After some fussing and sussing and power tool rustling, my traveling mechanic had the lock guts out. I could start the bus, hotwire style, no key needed. Now, this old bus of ours may be a highly-modified contraption. It has its eccentricities. But it is also a thing of elegant utility. So I did the right thing and drove to a full-serivce VW mechanic and had a keyed ignition reinstalled.

At this point, the Van Man is feeling pretty good about himself. We've been all over America in our bus. We've driven over 25,000 miles so far. Sure, we've had a few problems--but if you want a '71 VW microbus to treat you good, you got to treat it good. We might have been knocked down, but hadn't been knocked out.

Then came the famous rains of the Pacific Northwest. And with the rains came a flat tire. For the record this is the third flat we've had this trip. We were in a giant parking lot, so we didn't have to deal with dodging traffic or panic stopping or any of that. I calmly busted out the jack and swapped out the spare. No problemo. But when I went around town, looking for a fix, I spied this giant rainbow-colored trail following behind me wherever I went. Normally, a rainbow following a microbus around Eugene, Oregon is no big deal. But this kind of rainbow--the oily kind, all spewing and spattering; the kind that's so big and dirty that everyone shoots you dirty looks--was some serious trouble.

Back at the mechanic's garage I got the bad news--blown gaskets and seals. Sometimes a problem is as simple as that. And sometimes you got to figure things happen for a reason. Here we were, in our home town--a town where there's a microbus parked on almost every corner; the only town in America where I know these mechanics and they know me and this bus. If it hadn't been for the rains I might never have known the size of the oil leaks until it was too late. A few days later, those old nagging oil leaks were fixed.

I've got to be honest with you. I took one look at the repair bill and almost fainted. Then I remembered driving through the wild wastelands of the desert southwest--Indian country at that--totally alone. Nothing but sand and rocks and sun and a never-ending ribbon of road ahead of us and behind us. Then, I imagined the oil pressure light starting to blink... And I paid right up.

But the problems didn't end there. I was driving around the next day and discovered that I had a hard time shifing gears. It quickly went from hard to horrible. It got so bad that I had to shut off the engine--using my new ignition key--at stoplights to shift into first. I tell you, it's hard to treat your bus good when it's treating you bad. I managed to nurse the bus home and I immedately called Big R., the only mechianc I really trust (besides Miles at the No Name Garage, that is). Like Rasputin to the Romanovs, he diagnosed the problem by wire and told me the clutch was burning out. I didn't want to believe him, but the very next time Diane and I got back in the bus and my clutch foot shot down to the floor and nothing happened, I believed.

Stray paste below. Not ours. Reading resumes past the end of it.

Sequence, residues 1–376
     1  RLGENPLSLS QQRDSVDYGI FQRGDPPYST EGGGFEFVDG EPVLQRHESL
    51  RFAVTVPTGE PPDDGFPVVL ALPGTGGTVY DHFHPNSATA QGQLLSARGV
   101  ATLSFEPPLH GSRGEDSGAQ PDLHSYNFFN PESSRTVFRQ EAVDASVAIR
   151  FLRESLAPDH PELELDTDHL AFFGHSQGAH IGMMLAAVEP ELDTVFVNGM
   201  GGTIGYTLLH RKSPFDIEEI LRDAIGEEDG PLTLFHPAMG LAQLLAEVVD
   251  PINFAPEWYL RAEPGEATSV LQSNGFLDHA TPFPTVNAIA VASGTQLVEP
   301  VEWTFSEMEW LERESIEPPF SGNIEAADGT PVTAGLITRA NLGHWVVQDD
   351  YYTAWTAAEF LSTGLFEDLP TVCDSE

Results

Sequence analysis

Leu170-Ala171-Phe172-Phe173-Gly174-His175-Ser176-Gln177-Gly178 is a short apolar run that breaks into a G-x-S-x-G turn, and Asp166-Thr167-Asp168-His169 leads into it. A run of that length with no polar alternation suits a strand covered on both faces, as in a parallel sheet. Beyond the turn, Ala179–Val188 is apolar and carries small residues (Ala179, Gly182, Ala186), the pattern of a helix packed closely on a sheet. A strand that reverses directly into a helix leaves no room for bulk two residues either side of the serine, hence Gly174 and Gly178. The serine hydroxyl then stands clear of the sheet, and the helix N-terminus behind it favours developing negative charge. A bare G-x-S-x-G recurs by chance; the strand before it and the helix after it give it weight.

Stuck in second gear and driving without a clutch, Diane and I somehow managed to beeline it back to the garage without stopping.

And there it sits. Big R. was right, the clutch indeed had burned out.

It's tough to write a travel blog when you can't travel anywhere. After a new clutch disk and pressure plate, that'll change. And just because we don't have our trusty yellow microbus to push us around right now doesn't mean our style's been cramped in any way. We've been getting around just fine. All we had to do was get into another sort of bus.

And we'll drink to that...

... because we know there's nothing else that can possibly go wrong with our bus now.

Tuesday, November 4, 2008

Family Wedding Party

A wedding party is an act of love. It takes the bounty of two families and mixes it with the groom’s heart and bride’s soul. What’s more, throwing this sort of party and inviting family members and friends to participate is a simple pleasure that all can enjoy. And what about the fancy clothes? They are functional (given the circumstances), and they make this old road-weary microbus-truckin’ man feel ... special. Plus I can carry my wallet in a jacket pocket. Classy.

I’d like to thank and congratulate Jamie and Joaquin Rodriguez. Jamie is one of Diane’s nieces; and now "Keen" is her newest nephew. We made plans to attend Jamie and Keen’s wedding about the time we hit the road way back in March. But that was the extent of our planning. We just had to be in Sacramento, CA on November, 1, 2008, dressed and ready. And so we were. From Eugene, OR it was a straight shot down trusty I-5. It's not much of a drive, and it's not fast: 8 hours in a modern vehicle, 10 hours by microbus. But we managed to get to town the day before the wedding--just in time for a costume drama of an entirely different color...

Halloween! Oh, the horror!

Ironman, a.k.a., Kyle and Transformer Bumblebee, a.k.a. Ryan are the sons of Skeletor, a.k.a. Carl. I'm proud to say that both Ironman and Bumblebee call us Aunt Diane and Uncle Mike.

But these weren't the only members of Diane's family we saw before the Big Event. I could write about each of these families separately, but this is a family gathering. Diane's family is family to me. They are distinct individuals all but, just as importantly, are all together, too. So allow me to introduce the family:

Jack and Donna

Carl and Margo

Chuck and Katie

Yours and Yours Truly

The Meyers family -- Haley, Eric, Jonna *
*Missing in action are Mike and Alex... they were braving the rain to fetch the family car.

... and now, Jamie and Keen.
And what about the Big Event itself? First off, it was big...

... and the families hosted an event that was as fun and as generous as they are.

We loved it!

Thank you Jamie and Keen for a wonderful evening. We were so glad you invited us to share it with you. Diane and I would also like to thank Jack and Donna for their warm hospitality and their big guest bedroom. Thanks also to Carl and Margo for the giant cowboy breakfast the next morning (and for the many nights we've stayed over in years' past).

And, finally, we must also thank Chuck and Katie and Jessie for so generously opening up their home to us, long after the party was over.

Yes we can.